The Minnesota Zoo is home to nearly 5,000 individual animals that make up over 450 species, many of them threatened and endangered. The Zoo is also lucky enough to have hundreds of incredibly dedicated, intelligent, and creative staff and volunteers working every day to care for our animals and welcome our guests.

Ben Minerich, Conservation Specialist, has worked at the Zoo for nearly a decade in a variety of roles. His experience started in the Aquariums department, helping to lead the care of the coral, jellyfish, Asian fish, and Minnesota fish tanks.

“Throughout my career I’ve been drawn to working with sensitive aquatic invertebrates,” explains Minerich. “Jellyfish were such a fantastic mystery to me and I was very curious to understand their life cycle better to be able to display them in aquaria.

Minerich takes a water sample from mussel rearing buckets.

More recently, his focus has shifted to a different aquatic system- Minnesota native freshwater mussels. And while many aspects of the care and biology of corals and jellyfish differs from freshwater mussels, Minerich’s experience with maintaining aquatic systems made him a perfect fit.

“I had very little experience with mussels other than finding them in the river when I was young. But when I learned about the lifecycle of mussels, it was like the same revelation I had with jellyfish and I just had to learn more about them,” states Minerich. “A large part of successfully raising jellyfish is creating specialized tanks that create circular water flow and keep them suspended in the water column and making sure the water quality is pristine.”

Rearing freshwater mussels requires a similar level of detail and focus on water flow and quality. Mussels are filter feeders, siphoning water and acting as a living filtration system. They are often very sensitive to changes in water quality in both wild settings and in rearing tanks. Minerich has been able to transfer his knowledge of raising jellyfish to freshwater mussels, and aid in the conservation of these species.

Freshwater mussels are found throughout much of the world, but North America is a biodiversity hotspot for these animals. There are approximately 300 species of freshwater mussels native to North America, but unfortunately they are some of the most at-risk animals in North America today. Nearly three-quarters of the native species are currently listed as endangered, threatened or of special concern. Historical over-harvesting, habitat destruction, dam construction, and pollution have contributed to their demise and resulted in at least 30 species going extinct- one of the highest modern extinction rates for any group of organisms on the planet.

A small and young freshwater mussel.

The Zoo’s freshwater mussel conservation program works to raise awareness and ensure a future for these important species within Minnesota’s aquatic landscape. The Zoo is joining the Minnesota Department of Natural Resources’ efforts to restore native mussel populations in Minnesota. Minerich currently manages the rearing and research of several species on Zoo grounds, with the goal of releasing many back into Minnesota’s waterways.

Minerich’s work with mussels has shifted and evolved over the years, and he has found no shortage of fascinating discoveries.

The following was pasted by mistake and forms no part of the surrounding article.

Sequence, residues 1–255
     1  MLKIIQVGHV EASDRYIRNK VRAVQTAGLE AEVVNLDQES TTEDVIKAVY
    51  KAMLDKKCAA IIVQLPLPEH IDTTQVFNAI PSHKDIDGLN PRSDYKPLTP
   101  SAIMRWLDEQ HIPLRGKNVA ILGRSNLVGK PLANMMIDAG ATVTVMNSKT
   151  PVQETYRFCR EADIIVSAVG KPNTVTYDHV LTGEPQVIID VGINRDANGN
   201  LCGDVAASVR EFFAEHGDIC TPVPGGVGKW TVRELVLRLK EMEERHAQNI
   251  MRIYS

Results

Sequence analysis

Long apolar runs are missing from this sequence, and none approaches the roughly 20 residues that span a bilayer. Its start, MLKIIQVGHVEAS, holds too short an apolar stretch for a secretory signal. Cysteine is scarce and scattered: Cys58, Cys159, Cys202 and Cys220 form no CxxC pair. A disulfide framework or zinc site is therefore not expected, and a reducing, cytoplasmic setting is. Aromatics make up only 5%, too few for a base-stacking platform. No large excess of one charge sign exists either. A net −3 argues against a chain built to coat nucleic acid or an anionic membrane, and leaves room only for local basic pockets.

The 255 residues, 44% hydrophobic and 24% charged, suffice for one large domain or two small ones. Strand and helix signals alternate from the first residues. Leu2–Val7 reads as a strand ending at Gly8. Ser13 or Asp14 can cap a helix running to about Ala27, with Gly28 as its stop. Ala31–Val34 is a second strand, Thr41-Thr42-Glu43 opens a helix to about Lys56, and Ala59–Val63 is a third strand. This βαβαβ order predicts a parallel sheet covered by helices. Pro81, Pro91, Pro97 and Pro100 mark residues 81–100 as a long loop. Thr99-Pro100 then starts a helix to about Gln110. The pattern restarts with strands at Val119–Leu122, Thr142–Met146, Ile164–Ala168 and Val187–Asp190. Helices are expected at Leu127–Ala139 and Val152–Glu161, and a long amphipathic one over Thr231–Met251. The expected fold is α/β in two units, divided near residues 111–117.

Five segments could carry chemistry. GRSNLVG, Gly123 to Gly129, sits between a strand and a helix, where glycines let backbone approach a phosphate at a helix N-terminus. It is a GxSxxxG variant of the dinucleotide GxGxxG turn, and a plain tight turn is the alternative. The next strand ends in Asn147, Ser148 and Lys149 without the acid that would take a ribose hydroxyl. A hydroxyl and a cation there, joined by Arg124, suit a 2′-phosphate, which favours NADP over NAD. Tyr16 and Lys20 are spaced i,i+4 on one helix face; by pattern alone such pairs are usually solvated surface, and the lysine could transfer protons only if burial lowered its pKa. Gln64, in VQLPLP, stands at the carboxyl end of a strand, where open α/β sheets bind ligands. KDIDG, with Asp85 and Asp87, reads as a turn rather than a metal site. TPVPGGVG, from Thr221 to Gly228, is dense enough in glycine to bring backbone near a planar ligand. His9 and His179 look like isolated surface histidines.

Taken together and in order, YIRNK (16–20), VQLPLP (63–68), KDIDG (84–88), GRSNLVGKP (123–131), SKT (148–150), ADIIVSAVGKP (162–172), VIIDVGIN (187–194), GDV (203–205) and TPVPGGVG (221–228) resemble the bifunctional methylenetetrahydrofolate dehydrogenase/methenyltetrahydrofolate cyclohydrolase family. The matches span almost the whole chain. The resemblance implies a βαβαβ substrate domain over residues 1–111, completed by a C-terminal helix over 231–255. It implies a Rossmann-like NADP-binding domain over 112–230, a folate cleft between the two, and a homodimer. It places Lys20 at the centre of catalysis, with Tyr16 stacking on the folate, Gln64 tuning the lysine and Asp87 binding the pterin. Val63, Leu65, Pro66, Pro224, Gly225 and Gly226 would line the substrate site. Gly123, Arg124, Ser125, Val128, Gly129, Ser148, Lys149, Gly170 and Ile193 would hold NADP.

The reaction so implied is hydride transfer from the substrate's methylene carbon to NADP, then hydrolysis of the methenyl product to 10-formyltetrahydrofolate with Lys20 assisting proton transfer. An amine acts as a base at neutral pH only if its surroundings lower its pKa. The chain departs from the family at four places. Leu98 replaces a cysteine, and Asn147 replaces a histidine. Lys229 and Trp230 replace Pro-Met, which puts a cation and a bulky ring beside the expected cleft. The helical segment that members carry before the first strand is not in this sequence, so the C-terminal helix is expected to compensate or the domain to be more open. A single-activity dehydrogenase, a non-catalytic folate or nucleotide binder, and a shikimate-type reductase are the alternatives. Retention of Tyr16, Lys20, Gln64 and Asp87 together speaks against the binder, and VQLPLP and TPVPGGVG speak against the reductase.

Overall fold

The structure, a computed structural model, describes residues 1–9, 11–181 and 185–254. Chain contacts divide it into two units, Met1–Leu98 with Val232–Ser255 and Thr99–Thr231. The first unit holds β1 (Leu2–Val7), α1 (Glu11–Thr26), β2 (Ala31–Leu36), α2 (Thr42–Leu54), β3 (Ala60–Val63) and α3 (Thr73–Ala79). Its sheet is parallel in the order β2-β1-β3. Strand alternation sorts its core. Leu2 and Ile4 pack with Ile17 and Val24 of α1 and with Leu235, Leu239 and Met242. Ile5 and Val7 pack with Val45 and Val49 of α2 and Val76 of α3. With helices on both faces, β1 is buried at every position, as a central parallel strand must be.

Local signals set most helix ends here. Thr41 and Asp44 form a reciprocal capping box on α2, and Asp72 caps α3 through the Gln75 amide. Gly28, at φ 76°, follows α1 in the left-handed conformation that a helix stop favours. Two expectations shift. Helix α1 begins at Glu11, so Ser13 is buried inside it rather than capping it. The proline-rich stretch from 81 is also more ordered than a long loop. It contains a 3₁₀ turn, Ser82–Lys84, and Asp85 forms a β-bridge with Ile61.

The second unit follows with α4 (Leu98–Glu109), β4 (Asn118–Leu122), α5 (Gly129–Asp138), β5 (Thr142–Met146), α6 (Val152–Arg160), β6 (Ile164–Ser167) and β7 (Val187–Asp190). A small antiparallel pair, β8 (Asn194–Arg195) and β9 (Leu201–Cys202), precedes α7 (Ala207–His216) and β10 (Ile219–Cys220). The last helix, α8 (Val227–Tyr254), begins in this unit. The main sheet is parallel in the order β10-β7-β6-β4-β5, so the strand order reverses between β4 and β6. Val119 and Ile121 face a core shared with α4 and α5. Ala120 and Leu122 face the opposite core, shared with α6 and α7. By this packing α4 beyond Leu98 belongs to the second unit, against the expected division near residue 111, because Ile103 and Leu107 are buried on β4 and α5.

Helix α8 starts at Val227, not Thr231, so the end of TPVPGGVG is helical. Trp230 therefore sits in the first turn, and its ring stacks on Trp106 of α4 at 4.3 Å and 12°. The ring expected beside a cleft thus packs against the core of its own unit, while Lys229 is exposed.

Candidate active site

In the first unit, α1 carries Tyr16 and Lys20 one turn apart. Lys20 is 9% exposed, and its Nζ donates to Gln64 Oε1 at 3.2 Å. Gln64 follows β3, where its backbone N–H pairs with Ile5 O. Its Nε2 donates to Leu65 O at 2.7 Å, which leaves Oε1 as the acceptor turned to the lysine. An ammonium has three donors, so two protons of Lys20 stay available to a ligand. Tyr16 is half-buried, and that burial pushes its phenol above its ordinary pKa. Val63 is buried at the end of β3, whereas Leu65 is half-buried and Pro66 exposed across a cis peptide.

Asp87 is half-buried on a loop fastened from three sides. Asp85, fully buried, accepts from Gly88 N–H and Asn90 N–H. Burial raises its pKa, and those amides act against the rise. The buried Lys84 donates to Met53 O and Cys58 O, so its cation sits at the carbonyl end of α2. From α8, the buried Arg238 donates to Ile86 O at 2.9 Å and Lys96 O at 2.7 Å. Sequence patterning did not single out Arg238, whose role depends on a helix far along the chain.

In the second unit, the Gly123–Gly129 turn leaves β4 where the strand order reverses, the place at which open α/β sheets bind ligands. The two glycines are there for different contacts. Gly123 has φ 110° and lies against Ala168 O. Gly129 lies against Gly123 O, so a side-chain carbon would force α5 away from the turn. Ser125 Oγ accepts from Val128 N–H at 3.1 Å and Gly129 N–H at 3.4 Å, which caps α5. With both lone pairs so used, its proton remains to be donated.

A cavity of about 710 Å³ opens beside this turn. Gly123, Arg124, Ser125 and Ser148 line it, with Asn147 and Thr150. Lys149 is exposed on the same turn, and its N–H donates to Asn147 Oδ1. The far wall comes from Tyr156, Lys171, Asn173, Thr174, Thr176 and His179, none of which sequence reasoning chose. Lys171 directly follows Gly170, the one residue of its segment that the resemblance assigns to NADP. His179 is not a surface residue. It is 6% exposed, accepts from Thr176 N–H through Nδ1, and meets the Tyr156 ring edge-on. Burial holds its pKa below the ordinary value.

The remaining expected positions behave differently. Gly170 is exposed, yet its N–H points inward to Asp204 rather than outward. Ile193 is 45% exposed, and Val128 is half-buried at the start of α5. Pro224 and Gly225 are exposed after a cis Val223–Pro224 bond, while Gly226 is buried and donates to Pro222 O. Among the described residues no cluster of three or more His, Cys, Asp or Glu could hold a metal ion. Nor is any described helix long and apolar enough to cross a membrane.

“Every discovery shared by our partners and scientists in the field about what mussels need to grow paints an increasingly higher-resolution picture about how they live in the wild at different life stages and under different conditions,” explains Minerich. “For example, while working late into the evening last summer, I suddenly noticed that almost every black sandshell mussel that had been buried in the sand for the past several months was popping out of hiding and moving all over. I continued observations over the following months to confirm that mussels were continually quite active at night. This opened my mind to something completely new that I never even considered as a behavioral tendency of mussels, something that perhaps is unique to the systems I rear them in and might impact how I raise different species”

As Minerich explains, the research and rearing and release programs help bring to light the complex story of how freshwater mussels interact with their environment, and how we might be able to help keep them from the brink of extinction. “Each of these discoveries puts another piece of the puzzle in place to understanding how these animals interact with their habitat and how to determine if their rearing conditions best replicate how their preferred natural environment.”

Freshwater mussels are critical to healthy aquatic systems in Minnesota. Not only do they clean and filter water, they help stabilize sediment and create conditions for entire ecosystems of aquatic life to thrive. Unfortunately, there are many factors today that are threatening native mussel species, including pollution, dams, and the uncertainty that a changing climate brings.

You can help secure a future for freshwater mussels in Minnesota through a variety of simple actions!

“Go out and enjoy your local water,” encourages Minerich. “Rent paddleboards, kayaks, or a canoe; go fishing, or just enjoy some time on a beach. Experiencing how animals live along rivers and lakes is a great way to learn how valuable our aquatic resources are. From there, being a good steward of your watershed takes many forms like limiting runoff from your property by installing rain barrels, picking up pet waste, applying appropriate amounts of fertilizer and de-icing salts, and keeping your local storm drain clear of debris.”

Learn more about the Zoo’s freshwater mussel program here.